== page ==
-! wish to answer, first of all, the remarks of the honourable member for Angas (Mr Giles) who seems to be a sudden advocate of peace, good order, discipline and all the rest of it. Now, the honourable member for Angas is a very estimable man who would never break a law. But I understand that be owns a motor car that will do better than 100 miles an hour. There are not many laws in Australia which can stand that. During the course of his oration, the honourable member suggested also that the police in South Australia did not support the Labor Government. I have no doubt that the South Australian police will carry out their duties as police forces ought to. I hope that the honourable member is not trying to sow seeds of discord between the elected Government of South Australia and the police force of that State.
The general approach to the question of the Moratorium and all the things connected with it is associated more with attempting to sabotage the social unity of Australia for political reasons than with trying to answer the great social and political questions that have been raised. I bring to my aid a fairly respectable advocate on this question - the ‘Australian Financial Review’ of 7th September, only a week or so ago. In an article about the position of the Moratorium, the Government committees and so on, the ‘Australian Financial Review’ had this to say:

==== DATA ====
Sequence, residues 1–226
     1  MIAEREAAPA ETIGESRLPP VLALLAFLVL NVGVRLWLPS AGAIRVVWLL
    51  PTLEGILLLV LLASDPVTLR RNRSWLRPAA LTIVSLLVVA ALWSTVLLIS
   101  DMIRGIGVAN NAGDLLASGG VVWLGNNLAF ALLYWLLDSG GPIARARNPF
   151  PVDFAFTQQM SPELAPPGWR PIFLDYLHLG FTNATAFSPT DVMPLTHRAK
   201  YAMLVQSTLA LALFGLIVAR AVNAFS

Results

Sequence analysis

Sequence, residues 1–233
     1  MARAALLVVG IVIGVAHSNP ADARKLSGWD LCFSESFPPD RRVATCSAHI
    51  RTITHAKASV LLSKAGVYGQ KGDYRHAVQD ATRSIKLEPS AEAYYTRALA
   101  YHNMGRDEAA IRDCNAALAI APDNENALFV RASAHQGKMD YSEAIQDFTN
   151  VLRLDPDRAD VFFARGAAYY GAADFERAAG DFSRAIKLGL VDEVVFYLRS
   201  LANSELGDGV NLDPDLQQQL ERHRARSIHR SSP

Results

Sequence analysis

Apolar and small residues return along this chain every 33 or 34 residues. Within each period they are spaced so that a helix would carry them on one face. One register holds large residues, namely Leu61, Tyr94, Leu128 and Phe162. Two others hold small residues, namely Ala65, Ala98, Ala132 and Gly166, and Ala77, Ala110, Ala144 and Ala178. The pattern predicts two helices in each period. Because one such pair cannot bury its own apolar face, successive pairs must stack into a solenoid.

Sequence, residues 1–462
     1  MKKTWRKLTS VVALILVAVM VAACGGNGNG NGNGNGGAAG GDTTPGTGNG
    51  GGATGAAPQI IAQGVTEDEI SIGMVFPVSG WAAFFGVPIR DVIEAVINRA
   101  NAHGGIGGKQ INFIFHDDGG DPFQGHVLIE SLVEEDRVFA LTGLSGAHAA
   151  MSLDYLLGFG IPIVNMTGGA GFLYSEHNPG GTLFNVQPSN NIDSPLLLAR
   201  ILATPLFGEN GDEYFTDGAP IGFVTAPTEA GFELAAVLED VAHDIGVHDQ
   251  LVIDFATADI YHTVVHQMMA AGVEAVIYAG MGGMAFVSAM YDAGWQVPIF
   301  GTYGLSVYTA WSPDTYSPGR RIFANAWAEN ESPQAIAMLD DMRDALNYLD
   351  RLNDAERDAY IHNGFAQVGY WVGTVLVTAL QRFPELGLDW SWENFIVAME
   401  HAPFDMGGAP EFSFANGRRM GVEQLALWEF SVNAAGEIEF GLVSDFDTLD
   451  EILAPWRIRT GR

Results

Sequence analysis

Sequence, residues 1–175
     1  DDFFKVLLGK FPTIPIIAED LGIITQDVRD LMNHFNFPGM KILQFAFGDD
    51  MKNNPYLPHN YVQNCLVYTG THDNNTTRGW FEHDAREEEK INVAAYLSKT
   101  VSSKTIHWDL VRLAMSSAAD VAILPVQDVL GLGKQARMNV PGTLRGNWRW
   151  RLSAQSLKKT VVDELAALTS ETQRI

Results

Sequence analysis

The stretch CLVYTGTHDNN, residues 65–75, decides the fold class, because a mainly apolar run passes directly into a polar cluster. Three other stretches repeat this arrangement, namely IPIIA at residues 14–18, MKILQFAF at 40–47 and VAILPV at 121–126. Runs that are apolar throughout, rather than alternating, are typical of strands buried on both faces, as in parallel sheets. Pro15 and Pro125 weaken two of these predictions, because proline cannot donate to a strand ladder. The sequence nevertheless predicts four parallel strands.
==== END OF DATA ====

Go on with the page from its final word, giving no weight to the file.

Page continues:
With Australia’s second Moratorium only 6 days away, the Government committee to expose Communist influence in the Moratorium and to defend Australia’s Vietnam commitment is virtually defunct.
Of course the Government knows that it cannot defend Australia’s commitment to Vietnam. The article continued:
The Government itself appears much more interested in promoting the law and order issue than fighting the Moratorium campaign by justifying Australia’s commitment to Vietnam.
Further on, it states:
The Committee itself was quickly dubbed the CCC - Communist Can Committee.
The article continues:
He is a redoubtable freedom fighter as we all know: . . meanwhile, set about contacting all interested groups to raise funds. It was intended that apart from the pamphlet, to place advertisements in daily newspapers.